# Re: st: condition of Hessian

 From "David M. Drukker" To statalist@hsphsun2.harvard.edu Subject Re: st: condition of Hessian Date Thu, 20 Mar 2008 09:22:16 -0500 (CDT)

Teresa Dale Nelson <tdale@utdallas.edu> asked for an example of how to
compute the condition number of the Hessian from an estimator reporting an
observed information matrix (OIM) variance.

Here is an example, using a silly Poisson regression:

. set mem 200m
(204800k)

. webuse nlswork
(National Longitudinal Survey. Young Women 14-26 years of age in 1968)

. poisson grade nev_mar not_smsa union

Iteration 0: log likelihood = -46328.9 Iteration 1: log likelihood = -46328.9

Poisson regression Number of obs = 19222
LR chi2(3) = 168.52
Prob > chi2 = 0.0000
Log likelihood = -46328.9 Pseudo R2 = 0.0018

------------------------------------------------------------------------------
grade | Coef. Std. Err. z P>|z| [95% Conf. Interval]
-------------+----------------------------------------------------------------
nev_mar | .0162206 .0050936 3.18 0.001 .0062374 .0262038
not_smsa | -.0507212 .0045589 -11.13 0.000 -.0596564 -.0417859
union | .0209936 .0047465 4.42 0.000 .0116907 .0302966
_cons | 2.552624 .0028711 889.06 0.000 2.546997 2.558251
------------------------------------------------------------------------------

. . mata: V1 = st_matrix("e(V)")

. mata: cond(V1)
8.835376744

This condition number is close to one, as far as condition numbers go,
indicating a well-defined problem.

This condition number is based on the 2 norm,

cond = = norm(A, 2) * norm(A^(-1), 2)

where norm(A, 2) is the largest singular value of A. This calculation will
yield the same answer for A and A^(-1), ignoring precision problems.

Here are some illustrative computations

. mata: norm(V1,2)
.0000300734

. mata: svdsv(V1)
1
+---------------+
1 | .0000300734 |
2 | .0000244259 |
3 | .0000195973 |
4 | 3.40375e-06 |
+---------------+

. mata: norm(V1,2)*norm(cholinv(V1),2)
8.835376744

Now I claimed that 8.835 was close to one. Here I construct a badly
conditioned problem and calculate the condition number of the OIM variance
estimator.

. generate prob = union + .001*uniform() (9296 missing values generated)

. poisson grade nev_mar not_smsa union prob

Iteration 0: log likelihood = -46328.894 Iteration 1: log likelihood = -46328.894

Poisson regression Number of obs = 19222
LR chi2(4) = 168.53
Prob > chi2 = 0.0000
Log likelihood = -46328.894 Pseudo R2 = 0.0018

------------------------------------------------------------------------------
grade | Coef. Std. Err. z P>|z| [95% Conf. Interval]
-------------+----------------------------------------------------------------
nev_mar | .0162228 .0050936 3.18 0.001 .0062395 .0262061
not_smsa | -.0507209 .0045589 -11.13 0.000 -.0596561 -.0417857
union | -.7705006 6.98085 -0.11 0.912 -14.45272 12.91171
prob | .7914966 6.980869 0.11 0.910 -12.89076 14.47375
_cons | 2.552229 .0045136 565.46 0.000 2.543383 2.561076
------------------------------------------------------------------------------

. mata: V2 = st_matrix("e(V)")

. mata: cond(V2)
30757045.59

This condition number is not close to one, indicating that the problem is
not well defined.

The data must be on the same scale to use condition numbers as a metric to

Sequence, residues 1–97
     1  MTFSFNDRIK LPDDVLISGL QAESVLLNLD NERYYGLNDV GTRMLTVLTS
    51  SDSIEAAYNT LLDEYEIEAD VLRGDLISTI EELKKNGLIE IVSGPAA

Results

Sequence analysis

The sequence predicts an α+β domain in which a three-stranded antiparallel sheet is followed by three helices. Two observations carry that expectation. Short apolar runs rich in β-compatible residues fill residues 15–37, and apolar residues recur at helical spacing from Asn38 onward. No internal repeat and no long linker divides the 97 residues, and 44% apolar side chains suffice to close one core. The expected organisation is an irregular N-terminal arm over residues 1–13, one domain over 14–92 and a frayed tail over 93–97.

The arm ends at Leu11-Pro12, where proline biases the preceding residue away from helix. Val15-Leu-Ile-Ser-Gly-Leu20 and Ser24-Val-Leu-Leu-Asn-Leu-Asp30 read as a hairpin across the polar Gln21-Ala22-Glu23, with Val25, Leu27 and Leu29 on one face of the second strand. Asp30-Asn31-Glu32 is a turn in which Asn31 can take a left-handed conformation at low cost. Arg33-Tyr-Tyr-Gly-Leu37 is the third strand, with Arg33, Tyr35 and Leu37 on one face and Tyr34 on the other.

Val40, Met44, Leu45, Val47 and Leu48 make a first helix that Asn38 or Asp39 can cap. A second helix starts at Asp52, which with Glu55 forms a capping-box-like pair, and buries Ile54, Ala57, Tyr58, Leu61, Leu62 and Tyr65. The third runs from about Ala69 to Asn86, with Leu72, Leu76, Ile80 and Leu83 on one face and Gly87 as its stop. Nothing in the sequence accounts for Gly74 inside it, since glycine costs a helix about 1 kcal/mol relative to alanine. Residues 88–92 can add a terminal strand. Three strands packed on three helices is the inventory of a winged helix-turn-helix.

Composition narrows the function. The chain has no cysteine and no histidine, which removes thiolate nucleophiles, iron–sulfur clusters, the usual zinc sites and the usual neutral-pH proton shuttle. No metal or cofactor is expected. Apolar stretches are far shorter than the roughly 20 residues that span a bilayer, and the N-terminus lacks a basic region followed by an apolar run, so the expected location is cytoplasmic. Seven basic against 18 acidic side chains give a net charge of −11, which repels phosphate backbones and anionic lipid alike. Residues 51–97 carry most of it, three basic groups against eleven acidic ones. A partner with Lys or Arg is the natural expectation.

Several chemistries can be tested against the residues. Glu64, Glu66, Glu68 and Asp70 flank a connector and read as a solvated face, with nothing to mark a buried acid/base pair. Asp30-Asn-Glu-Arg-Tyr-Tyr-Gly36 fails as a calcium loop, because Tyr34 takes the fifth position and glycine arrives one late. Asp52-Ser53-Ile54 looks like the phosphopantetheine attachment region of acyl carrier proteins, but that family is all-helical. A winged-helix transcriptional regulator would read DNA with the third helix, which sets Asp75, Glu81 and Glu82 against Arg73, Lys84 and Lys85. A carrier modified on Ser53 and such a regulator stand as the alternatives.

measure identification.

Here I illustrate by rescaling the union indicator variable. I compute the
correlation matrix before and after the rescaling to illustrate that the
correlations are invariant to the rescaling.

. corr grade nev_mar not_smsa union (obs=19222)

-------------+------------------------------------
nev_mar | 0.0450 1.0000
not_smsa | -0.1275 -0.0759 1.0000
union | 0.0573 0.0195 -0.0684 1.0000

. replace union = 100000*union
union was byte now long

. corr grade nev_mar not_smsa union (obs=19222)

-------------+------------------------------------
nev_mar | 0.0450 1.0000
not_smsa | -0.1275 -0.0759 1.0000
union | 0.0573 0.0195 -0.0684 1.0000

Now I refit the model and calculate the condition number of the OIM
variance.

. . poisson grade nev_mar not_smsa union

Iteration 0: log likelihood = -46328.9 Iteration 1: log likelihood = -46328.9

Poisson regression Number of obs = 19222
LR chi2(3) = 168.52
Prob > chi2 = 0.0000
Log likelihood = -46328.9 Pseudo R2 = 0.0018

------------------------------------------------------------------------------
grade | Coef. Std. Err. z P>|z| [95% Conf. Interval]
-------------+----------------------------------------------------------------
nev_mar | .0162206 .0050936 3.18 0.001 .0062374 .0262038
not_smsa | -.0507212 .0045589 -11.13 0.000 -.0596564 -.0417859
union | 2.10e-07 4.75e-08 4.42 0.000 1.17e-07 3.03e-07
_cons | 2.552624 .0028711 889.06 0.000 2.546997 2.558251
------------------------------------------------------------------------------

. . mata: V2 = st_matrix("e(V)")

. mata: cond(V2)
1.70881e+10

The rescaling has made this well-defined problem appear ill defined.

Drukker and Wiggins (2004) discuss these issues using real data and a
different norm. Drukker and Wiggins (2004) place the problem in terms of
parameter identification.

I hope that this helps.

--David

References
---------

Drukker, D. M. and V. Wiggins. 2004. "Verifying the Solution from a
Nonlinear Solver: A Case Study: Comment". The American Economic Review
94(1):397-399

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